Performance fees for investment products are often criticized and perceived as not fair by investors. The structure of performance fees can be a reason for potential investors to shy away from a manager. There is a way to design performance fees to better align interests of investors and managers by including risk into the definition of performance. We show a simple model that prevents managers from increasing risk at the expense of their investors.
In situations with classical principal-agent problems an alignment of interests is a good idea. When the principal (investor) has no chance to monitor the behavior of his agent (manager) or it would be very expensive, a performance-related metric can help align the interests of both parties. This idea is behind the well-known performance fees of hedge funds. The concept is also spreading more and more to vehicles open for retail investors. Beside the fixed management fee that ensures solid income to finance operations, the manager usually receives a share of the returns to get compensated for his skill. This skill might be measured in terms of absolute returns, relative returns compared to a benchmark or against any other investment goal determined upfront.
Performance fees share major characteristics with call options. The manager participates when the investment strategy (or just the market) goes up, it expires (often performance is measured on an annual basis) and last but not least, the big determinant of the current value of the performance fee is volatility. The more volatile the investment strategy is, the higher the probability of a positive payoff, ceteris paribus. The maximum loss for the manager is the premium he bought the option for which was essentially zero in monetary terms. The big difference is that the investment manager can directly influence the value of his performance fee option by delivering good returns but also by increasing volatility.
Chart:Annual average performance fee rate depending on a volatility measure
It is not always apparent if the strategy, the manager follows thoroughly, just moved to higher volatility levels or if the manager shifted his style, increased leverage or added high beta positions to the portfolio. Some indication might come from historical volatility of the strategy or by comparing the characteristics of current portfolio components with historic ones. Still, it is difficult to assign an increase in the volatility of the portfolio to an activity of the manager or a passive market development. Intentionally, for the suggested concept we exclude option and short volatility strategies which can deliver good returns with low volatility over several years but essentially the manager might just be picking up pennies in front of a steamroller.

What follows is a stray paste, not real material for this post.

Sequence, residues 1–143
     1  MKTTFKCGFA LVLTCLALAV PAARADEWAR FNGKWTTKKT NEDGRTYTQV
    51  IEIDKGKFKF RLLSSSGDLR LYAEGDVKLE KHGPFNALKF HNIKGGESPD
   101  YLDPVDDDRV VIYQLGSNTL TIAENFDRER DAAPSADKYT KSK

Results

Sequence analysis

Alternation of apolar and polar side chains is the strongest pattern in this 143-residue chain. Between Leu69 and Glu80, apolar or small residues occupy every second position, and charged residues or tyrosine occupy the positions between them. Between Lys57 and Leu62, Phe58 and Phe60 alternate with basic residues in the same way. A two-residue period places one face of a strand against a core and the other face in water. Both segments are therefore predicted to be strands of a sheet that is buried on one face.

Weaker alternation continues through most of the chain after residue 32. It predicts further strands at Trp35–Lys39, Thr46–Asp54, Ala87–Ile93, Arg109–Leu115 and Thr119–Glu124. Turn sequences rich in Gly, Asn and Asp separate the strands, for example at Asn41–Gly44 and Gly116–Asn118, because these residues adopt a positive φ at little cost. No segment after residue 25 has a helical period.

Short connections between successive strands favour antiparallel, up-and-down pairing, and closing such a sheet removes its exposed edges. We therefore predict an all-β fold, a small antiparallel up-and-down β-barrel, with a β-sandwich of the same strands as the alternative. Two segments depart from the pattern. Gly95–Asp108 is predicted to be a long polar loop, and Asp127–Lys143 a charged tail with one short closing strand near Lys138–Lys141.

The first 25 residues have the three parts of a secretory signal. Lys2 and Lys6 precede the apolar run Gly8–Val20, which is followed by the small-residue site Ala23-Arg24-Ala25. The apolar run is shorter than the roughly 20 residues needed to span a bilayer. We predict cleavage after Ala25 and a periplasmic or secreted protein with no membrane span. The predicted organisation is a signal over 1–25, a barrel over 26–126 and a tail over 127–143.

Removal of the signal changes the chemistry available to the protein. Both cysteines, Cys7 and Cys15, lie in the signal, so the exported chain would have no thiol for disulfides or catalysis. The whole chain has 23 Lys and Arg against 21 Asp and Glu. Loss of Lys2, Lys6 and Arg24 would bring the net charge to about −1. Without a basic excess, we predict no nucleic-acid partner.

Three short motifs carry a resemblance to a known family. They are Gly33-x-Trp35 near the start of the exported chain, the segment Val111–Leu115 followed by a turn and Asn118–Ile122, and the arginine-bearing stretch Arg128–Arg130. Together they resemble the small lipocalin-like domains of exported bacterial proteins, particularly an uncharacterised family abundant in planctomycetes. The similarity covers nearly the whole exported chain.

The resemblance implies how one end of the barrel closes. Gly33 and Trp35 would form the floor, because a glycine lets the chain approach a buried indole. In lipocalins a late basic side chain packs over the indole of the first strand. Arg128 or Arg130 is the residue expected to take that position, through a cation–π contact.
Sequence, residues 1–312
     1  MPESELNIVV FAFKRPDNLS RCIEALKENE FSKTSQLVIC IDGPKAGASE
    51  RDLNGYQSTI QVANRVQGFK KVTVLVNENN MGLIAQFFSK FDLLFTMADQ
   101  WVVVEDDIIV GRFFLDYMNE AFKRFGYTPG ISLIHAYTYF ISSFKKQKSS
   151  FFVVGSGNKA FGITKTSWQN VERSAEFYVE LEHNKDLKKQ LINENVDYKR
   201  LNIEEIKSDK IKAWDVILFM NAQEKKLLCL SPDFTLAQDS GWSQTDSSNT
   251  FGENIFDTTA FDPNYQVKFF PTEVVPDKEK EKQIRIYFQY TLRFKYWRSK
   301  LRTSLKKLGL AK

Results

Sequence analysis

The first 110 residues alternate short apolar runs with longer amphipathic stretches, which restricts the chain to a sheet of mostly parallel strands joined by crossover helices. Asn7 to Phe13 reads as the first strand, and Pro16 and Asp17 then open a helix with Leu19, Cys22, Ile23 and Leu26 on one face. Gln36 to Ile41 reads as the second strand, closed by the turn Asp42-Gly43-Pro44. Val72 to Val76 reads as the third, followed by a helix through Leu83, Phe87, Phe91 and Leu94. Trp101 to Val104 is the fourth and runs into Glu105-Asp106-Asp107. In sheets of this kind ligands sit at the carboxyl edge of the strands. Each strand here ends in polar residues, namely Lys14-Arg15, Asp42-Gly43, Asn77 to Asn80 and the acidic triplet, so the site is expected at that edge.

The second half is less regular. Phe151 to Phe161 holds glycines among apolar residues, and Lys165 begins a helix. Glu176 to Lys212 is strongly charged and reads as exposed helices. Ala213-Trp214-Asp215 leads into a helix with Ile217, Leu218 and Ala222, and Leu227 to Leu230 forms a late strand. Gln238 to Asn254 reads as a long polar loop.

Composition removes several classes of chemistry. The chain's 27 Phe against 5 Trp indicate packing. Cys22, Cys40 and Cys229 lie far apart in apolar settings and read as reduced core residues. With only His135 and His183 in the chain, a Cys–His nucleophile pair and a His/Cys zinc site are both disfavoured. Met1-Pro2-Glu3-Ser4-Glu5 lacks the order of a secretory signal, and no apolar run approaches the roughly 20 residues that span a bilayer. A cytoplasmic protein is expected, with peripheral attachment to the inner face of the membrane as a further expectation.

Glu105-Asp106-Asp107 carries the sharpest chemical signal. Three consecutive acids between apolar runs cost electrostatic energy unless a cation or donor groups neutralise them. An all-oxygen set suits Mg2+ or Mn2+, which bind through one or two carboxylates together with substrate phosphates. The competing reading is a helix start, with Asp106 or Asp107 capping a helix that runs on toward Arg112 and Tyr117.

A simple Concept to include Risk
One can argue that volatility is not a perfect proxy for risk. We agree, because some volatility is required to achieve returns from risky assets and volatility without context does not tell much about the risk exposure of a portfolio. Therefore, in our model we set a band for a downside volatility measure with the lower limit at zero and the upper limit determined by the manager and/or the investor upfront. The upper limit can be a volatility level that the investor just accepts, a level the manager realistically can stay below or a historical average for the strategy. As long as realized volatility stays below that threshold, the full performance fee rate is assigned. For realized volatility that is above the upper limit, the performance fee rate decreases to zero either asymptotically or at another higher threshold. A daily rolling calculation leads to an average performance fee rate over a year. This average is applied to calculate the performance fee for one year. Even in a year with high returns, certainly above any high watermark or other benchmark, the manager might not receive the full performance fee rate when his portfolio entered territory above the upper volatility band during the year. At first glance, the manager could consider it unfair that he is penalized in years with extraordinarily high returns which are often accompanied by higher volatility. Although it is true that his payout in percentage points is lower than in the ordinary model without risk adjustment, he collects the performance fees on a higher volume and another offset comes from management fees that are also based on a higher volume. Not a bad deal for both parties.